Spain and Portugal 2018 - Lengthy and uninspiring
Spain and Portugal, the joint bid that has long been the favourite to host the 2018 World Cup, made its final presentation to Fifa Executive Committee members in Zurich on Wednesday, hours before the final vote.
Led off by master of ceremonies Pedro Mourinho – in the apparent absence of his more famous managerial namesake – the presentation immediately struck a business-like chord.
“Spain offers to host a World Cup that will guarantee sporting, social and economic success"
The presentation highlighted to Fifa the “borderless geographical reality” that a Spain-Portugal joint bids would provide, countering the long-held view of senior Fifa executives that joint bids are not welcomed. Portuguese prime minister Jose Socrates reminded the ExCo of the successes of his country’s staging of Euro 2004. He emphasised that, thanks to that tournament, stadium infrastructure costs for the Portuguese element of a 2018 World Cup would be limited. Portugal’s prime minister going first was also perhaps designed to remind voters that it this is not simply a Spanish bid, as has often been portrayed in the international media.
Jose Luis Rodriguez Zapatero, Spain’s president, was the next speaker on stage. Speaking, like Socrates, in his native tongue he emphasised Spain’s existing transport and hotel infrastructure, guaranteeing that all Fifa’s requirements would be met.
The importance of the presence of the two heads of state cannot be underestimated – political heavyweights are likely to have swung the vote later today as a result of days of glad-handing in Zurich hotels – but it made for a dry start to the presentation. Some would say it was too dry, especially as it immediately followed Holland and Belgium’s relentlessly fun presentation.
A chirpy video, however, did follow - full of agreeable shots of Spanish and Portuguese culture, architecture and people, backed by a suitably dramatic soundtrack. The video was certainly stylishly produced but it did little to evoke emotion. “Coming to Portugal and Spain is like feeling at home” summed up our presenter, Mourinho, as he returned to the stage. “Spain offers to host a World Cup that will guarantee sporting, social and economic success,” he added.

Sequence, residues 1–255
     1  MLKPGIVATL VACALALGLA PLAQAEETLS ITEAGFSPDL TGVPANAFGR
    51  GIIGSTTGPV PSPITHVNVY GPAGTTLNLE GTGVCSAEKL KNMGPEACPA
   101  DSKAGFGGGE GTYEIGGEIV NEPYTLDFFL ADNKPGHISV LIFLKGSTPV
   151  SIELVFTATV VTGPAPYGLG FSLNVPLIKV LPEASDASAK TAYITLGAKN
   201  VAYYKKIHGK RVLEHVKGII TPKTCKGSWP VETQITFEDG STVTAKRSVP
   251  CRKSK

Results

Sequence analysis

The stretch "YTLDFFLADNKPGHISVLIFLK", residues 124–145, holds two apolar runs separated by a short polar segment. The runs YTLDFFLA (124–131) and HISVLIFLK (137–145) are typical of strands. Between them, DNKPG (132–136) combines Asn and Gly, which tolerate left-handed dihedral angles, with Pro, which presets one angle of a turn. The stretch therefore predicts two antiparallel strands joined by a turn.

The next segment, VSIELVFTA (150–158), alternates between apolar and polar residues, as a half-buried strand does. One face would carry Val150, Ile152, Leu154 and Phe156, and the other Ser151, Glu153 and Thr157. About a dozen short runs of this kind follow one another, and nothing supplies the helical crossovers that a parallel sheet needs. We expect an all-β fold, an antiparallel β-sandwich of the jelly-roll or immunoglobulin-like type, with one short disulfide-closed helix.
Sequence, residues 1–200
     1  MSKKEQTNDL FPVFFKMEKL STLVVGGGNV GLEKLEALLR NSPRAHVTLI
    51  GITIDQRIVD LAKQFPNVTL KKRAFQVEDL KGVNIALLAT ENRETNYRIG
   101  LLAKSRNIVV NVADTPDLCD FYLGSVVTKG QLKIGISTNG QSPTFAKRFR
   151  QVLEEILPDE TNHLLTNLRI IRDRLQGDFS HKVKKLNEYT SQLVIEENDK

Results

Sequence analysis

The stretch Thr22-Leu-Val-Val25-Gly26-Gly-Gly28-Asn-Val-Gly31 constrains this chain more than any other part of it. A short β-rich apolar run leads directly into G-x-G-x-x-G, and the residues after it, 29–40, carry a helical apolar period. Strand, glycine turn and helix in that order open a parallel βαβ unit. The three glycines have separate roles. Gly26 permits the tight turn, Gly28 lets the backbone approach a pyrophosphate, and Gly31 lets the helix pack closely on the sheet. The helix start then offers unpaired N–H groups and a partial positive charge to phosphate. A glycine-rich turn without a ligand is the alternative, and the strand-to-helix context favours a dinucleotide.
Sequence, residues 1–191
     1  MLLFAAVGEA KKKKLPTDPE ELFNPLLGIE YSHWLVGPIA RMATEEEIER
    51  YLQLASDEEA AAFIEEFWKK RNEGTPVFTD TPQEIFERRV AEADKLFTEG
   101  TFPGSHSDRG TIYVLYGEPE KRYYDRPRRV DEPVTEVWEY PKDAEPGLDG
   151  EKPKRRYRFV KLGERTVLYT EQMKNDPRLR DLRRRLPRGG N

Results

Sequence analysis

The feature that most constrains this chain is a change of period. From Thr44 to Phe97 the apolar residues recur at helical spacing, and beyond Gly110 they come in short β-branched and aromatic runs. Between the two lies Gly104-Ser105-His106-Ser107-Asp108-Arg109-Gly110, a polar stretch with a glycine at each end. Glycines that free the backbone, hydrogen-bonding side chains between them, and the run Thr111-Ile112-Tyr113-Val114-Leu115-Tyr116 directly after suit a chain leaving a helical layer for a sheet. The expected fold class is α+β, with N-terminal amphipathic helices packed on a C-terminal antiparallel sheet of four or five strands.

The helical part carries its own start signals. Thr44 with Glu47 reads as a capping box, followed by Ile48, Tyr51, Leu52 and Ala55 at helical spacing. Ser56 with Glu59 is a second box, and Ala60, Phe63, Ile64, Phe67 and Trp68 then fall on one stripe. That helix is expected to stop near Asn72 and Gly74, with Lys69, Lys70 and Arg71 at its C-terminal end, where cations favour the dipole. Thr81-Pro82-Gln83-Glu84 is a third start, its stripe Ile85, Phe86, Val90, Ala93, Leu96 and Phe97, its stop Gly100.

The fourth speaker was Miguel Angel Lopez, the managing director of the Iberian bid. Madail, again speaking in Spanish, highlighted the cities and stadiums across Spain and Portugal that “live football” and were chosen for their “territorial balance”. Using simple presentation slides – hardly the kind of technological approach that, for instance, Japan has pushed in its 2022 bid – Madail promised a Fifa headquarters in Madrid for the tournament and a ticket sales target of 3.7 million.
Those kind of details only served to emphasise that this was not so much a presentation of what Spain and Portugal would do with a World Cup, but a business seminar for the Executive Committee. The next few hours will determine whether the serious strategy will pay off.
A second video followed outlining more details of the cities that would stage the tournament. Again, it could be described as solidly professional but not inspirational. The video made a brief mention of Spain and Portugal’s “exemplary” fan behaviour, a subtle dig perhaps at the English bid.
The deputy president of the Iberian bid, Gilbert Madail was the fourth speaker; his words and demeanour were as uninspiring as the previous two. It is worth noting, however, that each speaker received a warm reception from the assembled Fifa ExCo members. Madail said: “We can produce the best World Cup ever. We have the know-how.”
The final speaker was the most significant. Miguel Angel Villar Llona, the Spanish ExCo member who has been almost entirely responsible for assembling the votes that are likely to see the bid reach the latter stages of voting. Villar Llona wields significant power in Fifa’s corridors of power – so much so that he ran several minutes over time, after describing Fifa as a victim of slander from the media. Astonishingly, now nine minutes over time a further, more emotive, video followed.
If the Spain-Portugal bid is successful later today the feeling may well be that victory was secured in spite of its final presentation. That theory is based on the examples of London and Rio de Janeiro securing Olympic Games on the back of impressive and emotional final-day pitches in recent years. Fifa, however, is a very different organisation to the International Olympic Committee, with far fewer voting members. With that in mind the Spanish presentation might in fact just have been exactly what was required.blog comments powered by Disqus
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